The board of The Andersons, Inc. (NASDAQ:ANDE) has announced that it will pay a dividend of $0.18 per share on the 21st of October. This means that the annual payment will be 1.8% of the current stock price, which is in line with the average for the industry.
Andersons' Earnings Easily Cover The Distributions
Solid dividend yields are great, but they only really help us if the payment is sustainable. Based on the last payment, Andersons was earning enough to cover the dividend, but free cash flows weren't positive. We think that cash flows should take priority over earnings, so this is definitely a worry for the dividend going forward.
Over the next year, EPS is forecast to fall by 20.2%. If the dividend continues along the path it has been on recently, we estimate the payout ratio could be 23%, which is comfortable for the company to continue in the future.
Andersons Has A Solid Track Record
The company has a sustained record of paying dividends with very little fluctuation. The annual payment during the last 10 years was $0.40 in 2012, and the most recent fiscal year payment was $0.72. This works out to be a compound annual growth rate (CAGR) of approximately 6.1% a year over that time. Dividends have grown at a reasonable rate over this period, and without any major cuts in the payment over time, we think this is an attractive combination as it provides a nice boost to shareholder returns.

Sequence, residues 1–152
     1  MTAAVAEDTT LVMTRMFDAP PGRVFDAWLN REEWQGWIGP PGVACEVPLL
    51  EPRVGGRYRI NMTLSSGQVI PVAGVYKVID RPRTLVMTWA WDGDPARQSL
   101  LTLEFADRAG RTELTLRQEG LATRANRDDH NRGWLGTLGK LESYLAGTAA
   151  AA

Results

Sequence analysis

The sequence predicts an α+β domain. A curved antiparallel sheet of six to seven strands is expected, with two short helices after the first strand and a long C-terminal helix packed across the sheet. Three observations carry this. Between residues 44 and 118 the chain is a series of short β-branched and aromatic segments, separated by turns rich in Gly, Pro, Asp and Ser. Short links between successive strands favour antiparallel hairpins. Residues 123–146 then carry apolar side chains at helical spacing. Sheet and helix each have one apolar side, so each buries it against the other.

The Dividend Looks Likely To Grow
Investors could be attracted to the stock based on the quality of its payment history. It's encouraging to see that Andersons has been growing its earnings per share at 23% a year over the past five years. Rapid earnings growth and a low payout ratio suggest this company has been effectively reinvesting in its business. Should that continue, this company could have a bright future.
Our Thoughts On Andersons' Dividend
Overall, it's nice to see a consistent dividend payment, but we think that longer term, the current level of payment might be unsustainable. With cash flows lacking, it is difficult to see how the company can sustain a dividend payment. Overall, we don't think this company has the makings of a good income stock.
Investors generally tend to favour companies with a consistent, stable dividend policy as opposed to those operating an irregular one. Still, investors need to consider a host of other factors, apart from dividend payments, when analysing a company. Case in point: We've spotted 6 warning signs for Andersons (of which 3 make us uncomfortable!) you should know about. Looking for more high-yielding dividend ideas? Try our collection of strong dividend payers.
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This article by Simply Wall St is general in nature. We provide commentary based on historical data and analyst forecasts only using an unbiased methodology and our articles are not intended to be financial advice. It does not constitute a recommendation to buy or sell any stock, and does not take account of your objectives, or your financial situation. We aim to bring you long-term focused analysis driven by fundamental data. Note that our analysis may not factor in the latest price-sensitive company announcements or qualitative material. Simply Wall St has no position in any stocks mentioned.
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